6. Using P-Medialness to Study Works of Art

We now explore in this penultimate section the application of medialness as a representation substrate for a class of works of (visual) art. Our study is only meant as an entry into the subject and thus clearly not exhaustive. We focus on works from two important 20th century artists—Picasso and Matisse. For all our observations, we provide commentaries derived from a (non-artist) reading of medialness maps and features. We propose that such detailed analysis is made more explicit and obvious by using the information present in the medialness maps and recovered feature points.

6.1. Picasso

In Fig. 14 we first segment the color photo of the famous ‘Les Demoiselles d’Avignon’ painting by Picasso (a) (Note 17), isolating the five female figures in the piece (b) which we refer to by numerals 1–5 from left to right (from the observer’s vantage point). In (c) we show the medialness field in between the bounding canvas rectangular limits and the regions exterior to the female figures. Such a medialness field can be used to study the spatial relations between the female figures. For example, an apparent first dichotomy is observed between two groups of figures: Demoiselles 1, 2 and 3 have very little medialness field left in-between them, in the form of elongated inroads; a similar situations (with no intermediate space) is observed for the second group of Demoiselles 4 and 5. However, the medialness region in between the two groups is wider and rich in its shape features with multiple hot spots and ridge ends (Note 18). Also the two groups are entirely separated by medialness (from top to bottom), while within each group figures come in close contacts. Yet another interpretation could be of two bordering groups: Demoiselle 1 on the left, and Demoiselles 4 and 5 together on the right, with the 3rd group made by the ‘couple’ of Demoiselles 2 and 3 (the background and skin colorations and textures seems to emphasize this partitioning as well). Indeed, Demoiselle 1 is almost entirely separated from Demoiselle 2 by a thin elongated region of exterior medialness. The central couple also share some strong pose features (folded arms above head), which is made apparent when also considering the interior medialness.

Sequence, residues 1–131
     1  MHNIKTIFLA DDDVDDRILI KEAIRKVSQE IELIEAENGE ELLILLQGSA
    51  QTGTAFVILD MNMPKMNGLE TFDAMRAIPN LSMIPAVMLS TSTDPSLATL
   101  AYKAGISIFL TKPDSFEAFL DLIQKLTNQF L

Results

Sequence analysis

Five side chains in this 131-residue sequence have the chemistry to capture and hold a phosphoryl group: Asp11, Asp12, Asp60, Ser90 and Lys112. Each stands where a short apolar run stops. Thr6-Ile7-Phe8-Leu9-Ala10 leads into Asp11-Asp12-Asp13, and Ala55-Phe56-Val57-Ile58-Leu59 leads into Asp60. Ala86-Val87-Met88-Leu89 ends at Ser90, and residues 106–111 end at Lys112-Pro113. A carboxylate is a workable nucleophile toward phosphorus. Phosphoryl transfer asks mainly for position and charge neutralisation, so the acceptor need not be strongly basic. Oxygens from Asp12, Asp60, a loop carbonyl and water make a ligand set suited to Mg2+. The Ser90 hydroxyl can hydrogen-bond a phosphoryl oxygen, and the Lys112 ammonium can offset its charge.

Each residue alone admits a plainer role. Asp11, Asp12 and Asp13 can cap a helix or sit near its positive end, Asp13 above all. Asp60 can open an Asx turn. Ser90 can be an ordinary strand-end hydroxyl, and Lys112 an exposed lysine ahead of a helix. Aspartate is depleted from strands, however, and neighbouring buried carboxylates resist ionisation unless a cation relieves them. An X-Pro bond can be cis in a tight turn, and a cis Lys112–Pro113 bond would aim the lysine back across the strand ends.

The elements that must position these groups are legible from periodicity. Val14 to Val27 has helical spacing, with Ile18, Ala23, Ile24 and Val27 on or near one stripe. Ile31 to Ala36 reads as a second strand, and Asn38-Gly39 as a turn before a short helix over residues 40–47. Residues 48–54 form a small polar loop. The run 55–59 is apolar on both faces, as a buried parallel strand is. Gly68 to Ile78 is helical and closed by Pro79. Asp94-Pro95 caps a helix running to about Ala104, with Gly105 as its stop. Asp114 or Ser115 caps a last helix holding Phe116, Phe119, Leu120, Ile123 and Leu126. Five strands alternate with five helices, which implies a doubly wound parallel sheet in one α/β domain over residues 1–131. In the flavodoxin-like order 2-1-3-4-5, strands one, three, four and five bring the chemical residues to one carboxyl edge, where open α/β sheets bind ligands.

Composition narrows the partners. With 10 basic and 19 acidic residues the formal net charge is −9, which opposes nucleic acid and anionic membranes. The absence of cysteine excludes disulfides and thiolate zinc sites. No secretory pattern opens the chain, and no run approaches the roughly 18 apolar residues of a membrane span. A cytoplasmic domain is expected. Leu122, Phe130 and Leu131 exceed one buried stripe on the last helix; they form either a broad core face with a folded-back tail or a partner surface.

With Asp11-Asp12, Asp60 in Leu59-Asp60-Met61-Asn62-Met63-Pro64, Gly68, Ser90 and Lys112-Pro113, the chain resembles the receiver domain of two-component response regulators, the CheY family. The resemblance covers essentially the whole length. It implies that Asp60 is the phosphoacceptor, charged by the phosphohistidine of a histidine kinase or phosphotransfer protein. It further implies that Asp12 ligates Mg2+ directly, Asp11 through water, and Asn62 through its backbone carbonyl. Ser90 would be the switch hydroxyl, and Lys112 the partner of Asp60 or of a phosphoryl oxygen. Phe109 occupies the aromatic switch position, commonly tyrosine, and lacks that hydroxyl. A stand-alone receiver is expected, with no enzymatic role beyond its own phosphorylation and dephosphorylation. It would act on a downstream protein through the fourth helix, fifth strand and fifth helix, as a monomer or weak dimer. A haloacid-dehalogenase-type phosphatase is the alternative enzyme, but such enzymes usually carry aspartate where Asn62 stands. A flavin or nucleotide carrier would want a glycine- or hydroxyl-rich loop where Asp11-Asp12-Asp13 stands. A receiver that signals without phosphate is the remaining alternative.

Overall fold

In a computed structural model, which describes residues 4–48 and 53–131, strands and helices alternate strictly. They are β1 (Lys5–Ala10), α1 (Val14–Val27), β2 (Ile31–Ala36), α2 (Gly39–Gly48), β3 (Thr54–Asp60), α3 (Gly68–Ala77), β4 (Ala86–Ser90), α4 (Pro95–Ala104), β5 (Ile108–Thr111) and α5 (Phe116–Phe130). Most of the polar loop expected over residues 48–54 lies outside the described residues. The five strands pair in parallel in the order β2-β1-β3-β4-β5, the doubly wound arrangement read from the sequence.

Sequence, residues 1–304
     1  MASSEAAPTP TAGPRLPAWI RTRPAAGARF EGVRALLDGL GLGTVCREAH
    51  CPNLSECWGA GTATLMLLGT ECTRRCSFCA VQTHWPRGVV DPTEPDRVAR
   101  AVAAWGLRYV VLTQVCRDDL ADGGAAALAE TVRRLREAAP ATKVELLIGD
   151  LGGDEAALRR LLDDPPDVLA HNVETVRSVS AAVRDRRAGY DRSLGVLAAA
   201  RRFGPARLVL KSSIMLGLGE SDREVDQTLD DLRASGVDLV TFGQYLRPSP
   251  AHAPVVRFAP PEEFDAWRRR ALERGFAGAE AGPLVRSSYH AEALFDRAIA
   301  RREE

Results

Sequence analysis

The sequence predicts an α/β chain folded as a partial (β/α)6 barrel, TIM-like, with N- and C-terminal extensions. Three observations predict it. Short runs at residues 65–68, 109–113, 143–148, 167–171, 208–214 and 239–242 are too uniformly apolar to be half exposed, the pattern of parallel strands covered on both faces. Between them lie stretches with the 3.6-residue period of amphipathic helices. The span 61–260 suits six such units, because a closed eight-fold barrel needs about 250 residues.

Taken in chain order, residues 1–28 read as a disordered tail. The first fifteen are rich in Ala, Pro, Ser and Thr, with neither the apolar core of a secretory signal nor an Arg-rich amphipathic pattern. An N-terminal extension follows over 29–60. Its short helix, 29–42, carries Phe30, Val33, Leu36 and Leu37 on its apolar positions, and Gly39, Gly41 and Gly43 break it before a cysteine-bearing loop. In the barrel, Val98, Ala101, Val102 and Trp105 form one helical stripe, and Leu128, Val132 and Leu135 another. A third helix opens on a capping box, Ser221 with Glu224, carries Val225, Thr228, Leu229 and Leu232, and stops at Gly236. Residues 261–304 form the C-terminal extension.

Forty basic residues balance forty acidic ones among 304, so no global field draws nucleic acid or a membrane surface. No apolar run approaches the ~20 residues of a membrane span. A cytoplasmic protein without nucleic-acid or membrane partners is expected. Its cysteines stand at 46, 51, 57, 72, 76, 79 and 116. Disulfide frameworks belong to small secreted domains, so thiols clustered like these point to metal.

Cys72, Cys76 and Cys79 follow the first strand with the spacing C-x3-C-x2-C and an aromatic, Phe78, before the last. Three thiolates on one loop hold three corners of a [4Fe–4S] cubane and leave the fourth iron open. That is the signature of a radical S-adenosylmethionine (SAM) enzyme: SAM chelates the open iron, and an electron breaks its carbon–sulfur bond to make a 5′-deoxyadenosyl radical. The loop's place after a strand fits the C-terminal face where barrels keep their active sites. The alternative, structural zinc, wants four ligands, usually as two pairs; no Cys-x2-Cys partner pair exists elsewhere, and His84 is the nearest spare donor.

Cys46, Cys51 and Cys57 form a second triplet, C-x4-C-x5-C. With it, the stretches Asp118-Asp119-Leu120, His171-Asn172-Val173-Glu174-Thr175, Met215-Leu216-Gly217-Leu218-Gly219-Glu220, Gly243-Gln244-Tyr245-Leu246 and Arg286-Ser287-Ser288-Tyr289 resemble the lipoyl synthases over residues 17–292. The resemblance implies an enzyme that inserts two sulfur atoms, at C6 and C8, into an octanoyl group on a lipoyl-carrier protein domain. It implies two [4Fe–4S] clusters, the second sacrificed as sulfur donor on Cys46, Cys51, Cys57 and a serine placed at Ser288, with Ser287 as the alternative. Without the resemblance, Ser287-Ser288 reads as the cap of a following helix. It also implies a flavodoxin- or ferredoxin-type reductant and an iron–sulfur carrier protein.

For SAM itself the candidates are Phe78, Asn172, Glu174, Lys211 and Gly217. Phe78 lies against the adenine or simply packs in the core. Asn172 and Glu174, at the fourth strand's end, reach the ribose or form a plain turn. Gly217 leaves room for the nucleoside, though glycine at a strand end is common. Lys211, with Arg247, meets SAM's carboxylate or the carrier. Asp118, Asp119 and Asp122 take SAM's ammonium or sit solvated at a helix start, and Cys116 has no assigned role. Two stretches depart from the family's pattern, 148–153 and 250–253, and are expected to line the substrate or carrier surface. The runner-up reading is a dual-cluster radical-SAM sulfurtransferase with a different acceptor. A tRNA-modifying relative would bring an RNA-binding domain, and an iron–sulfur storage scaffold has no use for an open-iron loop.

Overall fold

Figure 14.
Figure 14.